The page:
All warfare is based on deception. Hence, when able to attack, we must seem unable; when using our forces, we must seem inactive; when we are near, we must make the enemy believe we are far away; when far away, we must make him believe we are near.
In our previous post I provided background around the industry’s concept of threat hunting as it stands nowadays. What I would like to do in this second part is to delve a bit deeper into one of the active defence tactics mentioned earlier, namely, controlled attack paths and what this means in the context of cyber deception.
Cyber Deception: The Art of Shaping Threat Actor Behaviour
Ever heard of controlled attack paths? Probably not in the context of cyber. Google itself offers little to no information about it:
Controlled Attack Paths is the term I use to refer to Cyber Deception as the art of intentionally shaping threat actor behaviour.
I know what you are thinking, how can you shape attacker’s behaviour? isn’t it more likely that attacker behaviour will shape your defensive stance? isn’t it more likely that the attackers will find your weaknesses before you do? Well, as with most complex things: yes and no. What if I tell you that most organizations are already shaping threat actor’s behaviour, one way or another?
The traditional approach that defensive operations adopt in cyber war is to deploy protective, detective and responsive controls. This multi-layered approach, with each layer also consisting of more layers, is what’s called defence in depth.
When threat actors attempt to breach your defensive controls, they must dribble, circumvent, exploit or bypass your layered defences. As they do this, they are obstructed by certain security controls, in the best of cases. In many instances though their tactics are only hindered and delayed, which is also a win for defenders, since anything that buys us time is crucial to effective defense.
As attackers try to compromise our defenses though, they leave traces behind: their actions generate ripples in our interconnected systems (remember SANS “malware can hide, but it must run”?). It is the task of the defenders to pick up these weak signals, amplify them, and respond to them.
However, most importantly, the unique way in which our defences are layered and interconnected, creates a unique cyber-eco-system that influences attacker behaviour. No two environments are the same. Unknowingly to most cyber defenders, your defense-in-depth specific configuration shapes attacker behaviour. It shapes it in such a way that
some attack paths are preferred to others, which means some TTPs will be more suitable to penetrate your infrastructure. It shapes it in a way that an attacker choosing a particular attack chain will generate a distinctive fingerprint in your environment.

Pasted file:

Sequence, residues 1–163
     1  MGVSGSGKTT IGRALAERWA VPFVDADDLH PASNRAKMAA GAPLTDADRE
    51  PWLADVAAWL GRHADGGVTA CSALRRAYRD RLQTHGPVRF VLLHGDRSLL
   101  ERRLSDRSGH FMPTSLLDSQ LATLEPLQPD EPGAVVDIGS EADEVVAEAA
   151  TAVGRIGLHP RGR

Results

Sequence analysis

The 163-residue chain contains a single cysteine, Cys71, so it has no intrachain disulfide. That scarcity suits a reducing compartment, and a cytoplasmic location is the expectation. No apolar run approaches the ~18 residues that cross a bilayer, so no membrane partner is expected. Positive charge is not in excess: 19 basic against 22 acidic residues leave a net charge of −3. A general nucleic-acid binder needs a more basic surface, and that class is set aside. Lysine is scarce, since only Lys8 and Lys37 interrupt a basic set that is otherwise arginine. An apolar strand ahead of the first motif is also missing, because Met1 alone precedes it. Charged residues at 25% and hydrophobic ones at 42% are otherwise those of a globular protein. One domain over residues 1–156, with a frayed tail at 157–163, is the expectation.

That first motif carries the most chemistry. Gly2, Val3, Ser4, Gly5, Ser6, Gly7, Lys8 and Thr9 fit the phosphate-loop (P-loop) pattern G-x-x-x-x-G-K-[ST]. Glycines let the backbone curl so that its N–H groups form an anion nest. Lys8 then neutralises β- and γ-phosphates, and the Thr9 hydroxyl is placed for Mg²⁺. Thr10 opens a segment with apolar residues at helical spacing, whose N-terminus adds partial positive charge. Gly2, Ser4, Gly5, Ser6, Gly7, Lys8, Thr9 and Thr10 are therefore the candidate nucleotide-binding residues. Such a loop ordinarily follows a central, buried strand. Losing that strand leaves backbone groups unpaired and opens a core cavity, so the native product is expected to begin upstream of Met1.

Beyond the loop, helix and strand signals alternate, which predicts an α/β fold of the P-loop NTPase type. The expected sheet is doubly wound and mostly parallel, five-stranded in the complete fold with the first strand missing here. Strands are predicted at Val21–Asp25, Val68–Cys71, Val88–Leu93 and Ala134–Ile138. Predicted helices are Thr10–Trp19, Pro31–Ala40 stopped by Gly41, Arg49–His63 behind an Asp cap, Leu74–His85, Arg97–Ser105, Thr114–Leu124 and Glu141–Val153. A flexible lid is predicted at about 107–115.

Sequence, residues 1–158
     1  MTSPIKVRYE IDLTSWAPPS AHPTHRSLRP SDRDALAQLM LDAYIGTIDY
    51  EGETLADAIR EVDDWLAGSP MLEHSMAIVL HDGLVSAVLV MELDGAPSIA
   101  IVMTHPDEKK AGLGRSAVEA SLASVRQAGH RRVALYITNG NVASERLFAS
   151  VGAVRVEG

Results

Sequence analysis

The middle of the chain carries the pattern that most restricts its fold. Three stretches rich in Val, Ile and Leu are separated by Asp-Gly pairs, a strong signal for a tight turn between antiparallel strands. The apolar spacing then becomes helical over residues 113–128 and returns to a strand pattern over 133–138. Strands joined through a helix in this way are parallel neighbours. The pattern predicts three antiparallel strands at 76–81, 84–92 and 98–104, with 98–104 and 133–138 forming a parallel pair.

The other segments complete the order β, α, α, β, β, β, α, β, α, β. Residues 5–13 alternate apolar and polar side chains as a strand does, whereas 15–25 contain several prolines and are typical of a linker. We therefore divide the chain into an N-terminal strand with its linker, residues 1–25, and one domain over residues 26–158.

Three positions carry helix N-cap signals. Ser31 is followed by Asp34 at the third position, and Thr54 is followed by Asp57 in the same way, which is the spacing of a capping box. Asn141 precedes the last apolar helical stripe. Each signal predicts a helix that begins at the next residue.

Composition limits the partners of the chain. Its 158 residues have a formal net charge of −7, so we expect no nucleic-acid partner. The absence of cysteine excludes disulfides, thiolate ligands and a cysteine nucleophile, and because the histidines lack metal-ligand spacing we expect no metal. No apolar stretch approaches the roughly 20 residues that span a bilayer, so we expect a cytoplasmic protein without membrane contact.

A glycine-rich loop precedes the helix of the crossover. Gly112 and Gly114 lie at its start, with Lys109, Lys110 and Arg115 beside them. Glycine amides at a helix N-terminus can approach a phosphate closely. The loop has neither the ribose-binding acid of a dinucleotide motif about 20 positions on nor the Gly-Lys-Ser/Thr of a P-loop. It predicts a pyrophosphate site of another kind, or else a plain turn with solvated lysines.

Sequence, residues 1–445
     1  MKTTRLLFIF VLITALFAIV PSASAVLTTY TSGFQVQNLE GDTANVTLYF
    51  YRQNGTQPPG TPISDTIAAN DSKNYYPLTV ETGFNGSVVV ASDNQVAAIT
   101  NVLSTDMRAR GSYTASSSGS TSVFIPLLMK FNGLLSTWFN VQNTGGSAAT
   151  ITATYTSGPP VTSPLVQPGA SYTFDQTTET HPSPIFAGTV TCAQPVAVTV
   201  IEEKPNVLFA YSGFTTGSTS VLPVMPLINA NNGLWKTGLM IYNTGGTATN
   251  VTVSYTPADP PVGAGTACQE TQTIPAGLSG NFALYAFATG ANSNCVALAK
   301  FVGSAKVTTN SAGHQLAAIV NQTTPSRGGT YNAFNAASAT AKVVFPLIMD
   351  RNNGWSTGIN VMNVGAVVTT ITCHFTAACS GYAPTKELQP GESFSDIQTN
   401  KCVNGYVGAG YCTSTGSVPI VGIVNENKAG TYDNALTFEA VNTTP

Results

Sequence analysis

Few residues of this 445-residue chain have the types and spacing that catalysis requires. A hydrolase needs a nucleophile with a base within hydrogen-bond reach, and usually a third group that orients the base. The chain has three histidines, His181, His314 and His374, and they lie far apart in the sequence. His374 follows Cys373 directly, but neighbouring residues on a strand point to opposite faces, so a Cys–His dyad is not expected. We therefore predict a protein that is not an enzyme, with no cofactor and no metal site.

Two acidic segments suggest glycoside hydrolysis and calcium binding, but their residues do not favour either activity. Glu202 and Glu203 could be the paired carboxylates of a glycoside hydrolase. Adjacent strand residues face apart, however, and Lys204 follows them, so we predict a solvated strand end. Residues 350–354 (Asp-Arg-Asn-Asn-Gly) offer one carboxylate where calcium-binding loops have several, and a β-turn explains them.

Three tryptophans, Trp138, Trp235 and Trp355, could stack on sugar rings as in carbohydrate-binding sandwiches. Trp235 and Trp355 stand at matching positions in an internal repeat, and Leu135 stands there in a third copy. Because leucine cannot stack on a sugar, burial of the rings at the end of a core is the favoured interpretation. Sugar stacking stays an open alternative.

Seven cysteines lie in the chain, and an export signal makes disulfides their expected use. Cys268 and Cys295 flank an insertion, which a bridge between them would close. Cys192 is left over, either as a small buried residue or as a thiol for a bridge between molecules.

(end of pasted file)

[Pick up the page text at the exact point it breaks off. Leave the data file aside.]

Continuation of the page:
Passively so, you are already influencing attacker behaviour by the very exclusive way in which your network is constructed.
Controlled Attack Paths
Going back to our earlier question though, even when we assert some level of influence over attacker’s behaviour, isn’t it more likely that the attackers will find your weaknesses before you do?
The short answer is: I hope so, as long as that weakness was intentionally planted by us to act as such!
Malicious adversaries display different levels of persistency, depending on motivation, resources and goals. Under regular conditions, it will take a more sophisticated and resourceful attacker to circumvent the defensive system of a well-protected company. Eventually though, with enough patience and the right context (e.g. new zero-day discovered, hampered defensive posture after introducing a massive change in company infra, etc.), an attacker might find its way into your network and precious data.
If we assume that a breach will eventually happen, why shouldn’t we dedicate our efforts to crafting specific weak spots (web services, AD accounts) that are safe to deploy, acting as decoys, enticing adversaries to follow a path that seems likely and presents a good ROI?
Controlled Attack Paths are precisely that: intentionally crafted paths that are planted with a purpose
What does this mean for threat hunting then? Well, if you think of how tribe hunters in the physical world “hunt”, they don’t just actively chase after their food with spears, bows and arrows. They are usually cleverer than this, and have a deep knowledge of their terrain. This allows them to set bait, lures and distractions in order to:
a. capture their prey with previously deployed traps b. lead the target to an ambush (where we can again use the arrows and spears)
In both cases, an experienced hunting or scouting party will